Hitting a Parked Car and DUI Charges
Hitting a parked car while under the influence is not as serious as causing injury to a person yet can still place you in the position of potentially being arrested for a DUI. The implications on your license and your freedom are similar, so here is crucial information to consider if you find yourself in this position.
Crashing Into a Parked Vehicle Under the Influence
If you are under the influence, and hit a parked car, you can be arrested and charged with driving under the influence. The good news is that the potential for witnesses to the accident are greatly lessened, which makes the prosecution’s job of proving that you were under the influence more difficult. To justify a conviction, the court must determine that you were driving, operating, or in control of a motor vehicle while intoxicated, which can be done either by a direct admission from you or other evidence that would show that you were intoxicated when you hit the parked car.
Dealing with the Police
You are required to give the officer common identification information such as your drivers license, insurance, and car registration. However, you are not required to and should not tell the officer that you were drinking. Let them reach this conclusion on their own. The prosecution must prove that you were intoxicated- don’t make this easier on them by admitting it.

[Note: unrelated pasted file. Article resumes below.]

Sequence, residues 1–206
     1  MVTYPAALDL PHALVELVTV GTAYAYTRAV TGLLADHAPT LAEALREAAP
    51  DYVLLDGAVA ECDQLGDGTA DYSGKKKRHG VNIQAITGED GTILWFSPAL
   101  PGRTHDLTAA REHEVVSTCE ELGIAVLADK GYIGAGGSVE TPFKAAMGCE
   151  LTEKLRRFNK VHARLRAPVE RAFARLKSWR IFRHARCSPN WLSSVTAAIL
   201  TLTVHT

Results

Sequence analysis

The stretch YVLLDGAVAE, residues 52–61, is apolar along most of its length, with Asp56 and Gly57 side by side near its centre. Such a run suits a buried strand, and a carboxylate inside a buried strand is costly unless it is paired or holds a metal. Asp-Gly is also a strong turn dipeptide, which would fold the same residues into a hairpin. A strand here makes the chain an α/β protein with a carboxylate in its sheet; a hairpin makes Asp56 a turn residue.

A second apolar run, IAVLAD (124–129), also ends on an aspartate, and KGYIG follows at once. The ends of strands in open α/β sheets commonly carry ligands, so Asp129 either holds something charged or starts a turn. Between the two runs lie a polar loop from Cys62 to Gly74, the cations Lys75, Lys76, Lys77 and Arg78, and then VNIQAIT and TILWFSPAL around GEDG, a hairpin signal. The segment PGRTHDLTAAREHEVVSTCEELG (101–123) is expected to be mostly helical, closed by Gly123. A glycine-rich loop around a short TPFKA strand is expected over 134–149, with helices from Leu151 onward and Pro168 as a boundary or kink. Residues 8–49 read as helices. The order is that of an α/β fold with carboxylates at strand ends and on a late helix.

Being on Public vs. Private Property
If you are on private property when you hit a parked car, i.e. restaurant or shopping center, certain state laws will prevent you from being able to be charged with driving under the influence, because their wording focuses on individuals driving on public streets, highways, and interstates. Also, implied consent to Breathalyzer tests will sometimes hinge on whether or not you are on private vs. public property.
Your being required to submit to a chemical test to keep your license will depend on whether you are residing in a state with implied consent laws. Usually you actually have to be under arrest before you can lose your drivers license for refusing to submit to a Breathalyzer test. It is also important to note that if you hit the parked car while you are on private property, implied consent laws might not apply.
Field Sobriety Tests
An officer must have either probable cause or reasonable suspicion that you are under the influence before requesting that you take a field sobriety tests. Factors that might influence this include:
- Odor of alcohol
- Your demeanor
- Admission of drinking
Help from a DUI Lawyer
The information provided in this article is for general use only, and should not be taken as legal advice. There are severe penalties associated with any Driving Under the Influence charge; an attorney will have knowledge of defenses available to you as well as ensuring that your rights are in no way violated. Make sure to have someone on your side, if you ever find yourself in this situation and seek legal counsel from a licensed attorney.